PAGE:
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SCUTTLEBUTT 3356 - Monday, June 6, 2011

Scuttlebutt is published each weekday with the support of its sponsors,
providing a digest of major sailing news, commentary, opinions, features and
dock talk . . . with a North American focus.


Today's sponsors: Kaenon Polarized and JK3 Nautical Enterprises.

Over 50 members of US Sailing Team AlphaGraphics (USSTAG) are in Weymouth,
U.K. this week competing in Sail for Gold, the first of two Selection Events
for the U.S. Olympic Team - Sailing. The regatta marks an important
milestone for USSTAG athletes in the lead up to the 2012 Olympic Games. In
addition to the venue being the same as the one used for the 2012 Games, the
top performing American sailors in nine of 10 Olympic classes will qualify
for the 2011 Weymouth and Portland International Regatta, which serves as a
pre-Olympic test event.

Organizers expect over 1,000 athletes from 62 nations to compete at Sail for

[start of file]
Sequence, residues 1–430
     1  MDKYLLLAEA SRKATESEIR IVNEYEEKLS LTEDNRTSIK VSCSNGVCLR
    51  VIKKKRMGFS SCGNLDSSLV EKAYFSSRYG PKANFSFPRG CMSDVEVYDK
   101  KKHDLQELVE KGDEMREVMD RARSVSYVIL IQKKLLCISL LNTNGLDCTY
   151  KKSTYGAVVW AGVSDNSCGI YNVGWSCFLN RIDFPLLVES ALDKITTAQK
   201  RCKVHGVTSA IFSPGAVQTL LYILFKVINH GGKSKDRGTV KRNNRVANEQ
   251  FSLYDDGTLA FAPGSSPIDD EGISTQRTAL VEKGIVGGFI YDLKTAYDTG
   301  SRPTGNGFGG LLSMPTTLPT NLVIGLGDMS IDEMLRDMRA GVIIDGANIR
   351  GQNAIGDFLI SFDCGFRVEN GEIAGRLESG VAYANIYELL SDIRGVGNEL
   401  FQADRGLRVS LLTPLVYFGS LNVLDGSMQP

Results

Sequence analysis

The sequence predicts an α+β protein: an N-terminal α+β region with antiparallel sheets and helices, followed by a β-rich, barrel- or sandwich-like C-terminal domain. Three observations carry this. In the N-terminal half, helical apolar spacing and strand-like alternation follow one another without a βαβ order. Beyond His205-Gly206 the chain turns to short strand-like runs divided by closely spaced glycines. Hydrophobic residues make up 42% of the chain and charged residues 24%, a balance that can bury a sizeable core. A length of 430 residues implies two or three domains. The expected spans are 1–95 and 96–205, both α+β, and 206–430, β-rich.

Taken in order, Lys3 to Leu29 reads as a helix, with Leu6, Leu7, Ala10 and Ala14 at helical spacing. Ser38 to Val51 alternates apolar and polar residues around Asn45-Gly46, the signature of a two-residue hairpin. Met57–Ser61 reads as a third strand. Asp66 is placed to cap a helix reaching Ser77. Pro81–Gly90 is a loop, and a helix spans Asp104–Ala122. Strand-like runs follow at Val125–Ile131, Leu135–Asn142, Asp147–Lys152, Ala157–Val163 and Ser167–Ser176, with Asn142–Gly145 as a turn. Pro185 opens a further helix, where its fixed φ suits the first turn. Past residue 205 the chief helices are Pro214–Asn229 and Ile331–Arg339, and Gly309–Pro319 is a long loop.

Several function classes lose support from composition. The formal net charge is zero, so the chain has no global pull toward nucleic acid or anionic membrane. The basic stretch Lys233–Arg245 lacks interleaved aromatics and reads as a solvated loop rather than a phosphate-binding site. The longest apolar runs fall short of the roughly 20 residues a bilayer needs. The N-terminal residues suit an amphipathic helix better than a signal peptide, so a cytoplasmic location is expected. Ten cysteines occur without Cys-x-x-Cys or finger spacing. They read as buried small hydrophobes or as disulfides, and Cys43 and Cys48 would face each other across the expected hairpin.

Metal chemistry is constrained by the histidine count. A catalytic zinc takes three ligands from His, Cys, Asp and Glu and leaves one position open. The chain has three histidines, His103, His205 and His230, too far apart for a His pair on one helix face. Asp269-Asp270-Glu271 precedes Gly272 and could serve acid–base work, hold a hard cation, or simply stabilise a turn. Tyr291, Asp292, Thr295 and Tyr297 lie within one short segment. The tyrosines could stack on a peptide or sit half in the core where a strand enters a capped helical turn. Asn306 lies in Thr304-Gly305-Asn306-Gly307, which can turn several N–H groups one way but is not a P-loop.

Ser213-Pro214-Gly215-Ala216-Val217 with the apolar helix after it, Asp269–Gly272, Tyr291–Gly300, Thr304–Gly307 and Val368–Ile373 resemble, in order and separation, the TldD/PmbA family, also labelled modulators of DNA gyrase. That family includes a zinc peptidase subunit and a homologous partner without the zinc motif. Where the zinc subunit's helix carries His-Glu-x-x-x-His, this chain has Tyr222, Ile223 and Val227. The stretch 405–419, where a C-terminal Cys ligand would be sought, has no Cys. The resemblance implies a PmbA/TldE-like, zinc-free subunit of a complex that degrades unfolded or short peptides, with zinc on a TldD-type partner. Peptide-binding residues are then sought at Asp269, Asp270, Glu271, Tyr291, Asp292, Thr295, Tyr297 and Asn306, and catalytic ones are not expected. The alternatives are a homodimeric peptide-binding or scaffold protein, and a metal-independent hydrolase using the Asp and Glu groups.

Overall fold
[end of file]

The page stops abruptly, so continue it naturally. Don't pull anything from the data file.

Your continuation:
Gold. As the final stop on the ISAF (International Sailing Federation) World
Cup circuit, ISAF will award medals for the overall season standings.

“This is the event that our athletes have been working toward all year,”
said USSTAG’s High Performance Director/Head Coach Kenneth Andreasen (Tampa,
Fla.). “We have put countless hours in at the gym and on the water to
prepare. Our sailors have spent many days here in Weymouth training in
preparation for this regatta.”

“As the first of two Selection Events, Sail for Gold is where U.S. athletes
begin to stake their claim on an Olympic berth,” said Olympic Sailing